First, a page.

Acknowledgments – We thank V. Chua, S. Furukawa, M. Oshikawa, D. Lorshbough, and P. Laurell for useful discussions. RT particularly thanks D. Arovas and B. A. Bernevig for discussions and collaborations on related topics. RL was supported by NSF Graduate Research Fellowship award number 2012115499. RL thanks the hospitality of the Insitute for Theoritical Physics, Univesity of Würzburg and University of Tokyo where part of this work was completed under NSF EAPSI award number OISE-1309560 and Japan Society for the Promotion of Science (JSPS) Summer Program 2013. AML acknowledges support through FOR1807 (DFG / FWF). GAF acknowledges financial support through ARO Grant No. W911NF-09-1-0527 and NSF Grant No. DMR-0955778. MG and RT are supported by the ERC starting grant TOPOLECTRICS of the European Research Council (ERC-StG-Thomale-2013-336012). The authors acknowledge the Texas Advanced Computing Center (TACC) at The University of Texas at Austin for providing computing resources that have contributed to the research results reported within this paper. URL: http://www.tacc.utexas.edu
Appendix A Supplementary Material I: Detailed Description of Transformed Hamiltonians
For completeness, we provide a detailed description of the Hamiltonian reformulated via bosons and fermions in momentum space. The transformed bosonic nearest neighbor Hamiltonian is given by
where is the hardcore potential and . The mapping between hardcore bosons and spins is exact as . After inserting the Fourier transform of the bosonic operators defined in the main text, the Hamiltonian becomes
The transformed nearest neighbor fermionic Hamiltonian is given by
After inserting the Fourier transform of the fermionic operators defined in the main text, the Hamiltonian becomes
Appendix B Supplementary Material II: Entanglement Spectrum of The Ising Phase for Fermions
Here we provide a proof that the ES of the Ising phase for fermions is linear. The bosonized version of the Hamiltonian Gogolin et al. (1998) is given by
where is the short distance cutoff and is the velocity. We will transform to fermions later. We now expand the cosine in terms of the scalar fields to second order, valid for large (deep in Ising phase) where has small fluctuations about a value that minimizes the cosine term. After dropping an overall constant, the Hamiltonian is given by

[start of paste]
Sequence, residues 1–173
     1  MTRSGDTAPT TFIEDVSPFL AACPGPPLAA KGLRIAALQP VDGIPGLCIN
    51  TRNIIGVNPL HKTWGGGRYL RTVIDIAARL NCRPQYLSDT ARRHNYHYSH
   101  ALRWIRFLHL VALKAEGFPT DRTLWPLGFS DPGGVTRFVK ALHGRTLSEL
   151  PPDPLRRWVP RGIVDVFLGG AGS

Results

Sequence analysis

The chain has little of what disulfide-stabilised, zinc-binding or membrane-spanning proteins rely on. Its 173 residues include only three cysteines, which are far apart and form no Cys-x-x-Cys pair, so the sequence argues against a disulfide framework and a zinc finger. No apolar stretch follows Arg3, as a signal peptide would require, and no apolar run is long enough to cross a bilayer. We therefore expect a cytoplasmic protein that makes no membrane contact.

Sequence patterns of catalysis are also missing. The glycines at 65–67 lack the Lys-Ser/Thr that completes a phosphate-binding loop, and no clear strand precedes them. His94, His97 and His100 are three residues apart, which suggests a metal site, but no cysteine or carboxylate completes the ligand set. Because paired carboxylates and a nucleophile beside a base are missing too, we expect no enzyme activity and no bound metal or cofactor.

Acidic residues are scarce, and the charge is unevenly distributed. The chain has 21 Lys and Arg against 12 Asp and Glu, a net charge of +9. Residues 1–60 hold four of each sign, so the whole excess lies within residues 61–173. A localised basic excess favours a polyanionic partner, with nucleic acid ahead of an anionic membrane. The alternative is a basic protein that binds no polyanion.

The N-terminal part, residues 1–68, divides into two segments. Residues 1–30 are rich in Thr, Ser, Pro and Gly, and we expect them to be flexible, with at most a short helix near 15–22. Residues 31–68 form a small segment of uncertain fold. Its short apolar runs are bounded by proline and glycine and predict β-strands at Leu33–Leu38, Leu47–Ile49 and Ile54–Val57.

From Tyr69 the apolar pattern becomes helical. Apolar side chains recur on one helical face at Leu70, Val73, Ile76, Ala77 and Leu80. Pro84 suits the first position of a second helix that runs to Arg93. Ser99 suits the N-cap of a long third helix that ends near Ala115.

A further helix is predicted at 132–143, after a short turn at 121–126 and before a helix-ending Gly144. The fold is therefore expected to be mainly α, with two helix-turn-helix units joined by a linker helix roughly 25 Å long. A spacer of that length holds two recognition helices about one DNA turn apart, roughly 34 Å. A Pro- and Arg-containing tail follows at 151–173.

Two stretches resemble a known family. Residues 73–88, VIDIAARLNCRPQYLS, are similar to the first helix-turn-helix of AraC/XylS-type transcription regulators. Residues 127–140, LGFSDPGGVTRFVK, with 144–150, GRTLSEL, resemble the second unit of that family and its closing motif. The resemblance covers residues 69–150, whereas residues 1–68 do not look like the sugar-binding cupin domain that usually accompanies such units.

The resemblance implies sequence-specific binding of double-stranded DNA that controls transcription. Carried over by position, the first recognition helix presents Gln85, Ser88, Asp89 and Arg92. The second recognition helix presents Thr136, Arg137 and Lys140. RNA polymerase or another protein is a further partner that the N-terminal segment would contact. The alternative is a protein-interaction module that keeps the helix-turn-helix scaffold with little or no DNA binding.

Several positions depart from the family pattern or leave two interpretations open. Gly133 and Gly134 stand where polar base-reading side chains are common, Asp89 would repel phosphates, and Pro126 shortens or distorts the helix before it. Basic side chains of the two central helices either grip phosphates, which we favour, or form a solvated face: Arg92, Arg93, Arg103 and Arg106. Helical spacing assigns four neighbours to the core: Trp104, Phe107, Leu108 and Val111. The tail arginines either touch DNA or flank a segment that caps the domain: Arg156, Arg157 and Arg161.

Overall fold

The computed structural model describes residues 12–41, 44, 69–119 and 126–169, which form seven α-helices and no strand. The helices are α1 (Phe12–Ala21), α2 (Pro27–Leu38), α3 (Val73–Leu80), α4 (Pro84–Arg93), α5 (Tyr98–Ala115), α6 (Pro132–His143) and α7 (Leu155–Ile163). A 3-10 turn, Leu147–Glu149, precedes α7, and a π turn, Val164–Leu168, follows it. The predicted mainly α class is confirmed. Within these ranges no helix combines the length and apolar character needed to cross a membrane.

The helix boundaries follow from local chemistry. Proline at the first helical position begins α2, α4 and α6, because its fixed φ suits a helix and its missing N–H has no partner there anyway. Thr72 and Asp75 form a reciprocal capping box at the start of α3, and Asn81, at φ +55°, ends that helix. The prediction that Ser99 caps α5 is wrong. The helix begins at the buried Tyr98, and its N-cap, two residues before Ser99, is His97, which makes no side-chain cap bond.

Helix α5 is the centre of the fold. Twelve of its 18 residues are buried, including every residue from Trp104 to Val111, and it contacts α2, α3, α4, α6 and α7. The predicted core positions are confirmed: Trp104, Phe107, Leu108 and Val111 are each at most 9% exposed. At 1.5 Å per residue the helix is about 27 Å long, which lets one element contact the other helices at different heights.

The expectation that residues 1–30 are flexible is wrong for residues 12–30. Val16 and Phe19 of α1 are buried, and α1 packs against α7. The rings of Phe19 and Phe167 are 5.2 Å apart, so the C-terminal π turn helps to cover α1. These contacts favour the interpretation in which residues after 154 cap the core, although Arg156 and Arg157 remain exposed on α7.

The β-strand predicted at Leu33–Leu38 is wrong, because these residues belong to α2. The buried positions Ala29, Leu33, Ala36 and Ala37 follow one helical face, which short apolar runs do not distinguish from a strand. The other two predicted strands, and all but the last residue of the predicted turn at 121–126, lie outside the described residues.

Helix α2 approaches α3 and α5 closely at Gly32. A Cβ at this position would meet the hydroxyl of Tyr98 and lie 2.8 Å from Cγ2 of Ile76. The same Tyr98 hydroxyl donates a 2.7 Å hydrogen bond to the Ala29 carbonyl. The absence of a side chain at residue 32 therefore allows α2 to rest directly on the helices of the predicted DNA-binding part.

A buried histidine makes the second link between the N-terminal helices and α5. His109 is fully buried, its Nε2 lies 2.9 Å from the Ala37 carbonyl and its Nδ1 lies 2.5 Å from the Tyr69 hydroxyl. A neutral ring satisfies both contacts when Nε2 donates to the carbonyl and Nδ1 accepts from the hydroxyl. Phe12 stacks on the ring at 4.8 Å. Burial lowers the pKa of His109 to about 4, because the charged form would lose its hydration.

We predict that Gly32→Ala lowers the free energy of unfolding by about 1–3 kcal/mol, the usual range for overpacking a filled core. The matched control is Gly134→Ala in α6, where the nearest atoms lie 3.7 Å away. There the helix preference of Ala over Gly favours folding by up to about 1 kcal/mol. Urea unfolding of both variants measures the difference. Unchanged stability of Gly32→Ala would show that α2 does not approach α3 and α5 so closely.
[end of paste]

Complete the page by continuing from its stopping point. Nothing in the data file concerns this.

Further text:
Plugging in the following mode expansions (ignoring zero modes) for and
the Hamiltonian takes the form
We can diagonalize via a Bogoliubov transformation
This yields the diagonal bilinear form
The ground state of is specified by the condition that . From this, we can calculate the entanglement Hamiltonian using free field theory methods Peschel (2003). We first calculate the two-point correlation functions for the right movers with right-moving momentum . Using the ground state of ,
We introduce the ansatz
This gives the Bose distribution
One must divide this slope by to obtain the fermionic ES slope Giamarchi (2013). In the small limit, after setting , we obtain
which indeed is a linear spectrum. Numerical evidence for the behaviour of the ES slope as a function of is shown in Fig. 5. The numerical slope obtained is of the form , where and , which is in quantitative agreement with the theoretical prediction given by Eq. (20).
Appendix C Supplementary Material III: Symmetries for Bosons
In this section, we prove the effect of certain real-space symmetries on the momentum space ES.
Case 1: – For , one can unitarily transform the Hamiltonian from negative to positive by a rotation about the axis on every second site. This provides a relationship between the real-space wave-functions for positive and negative . This relationship is given by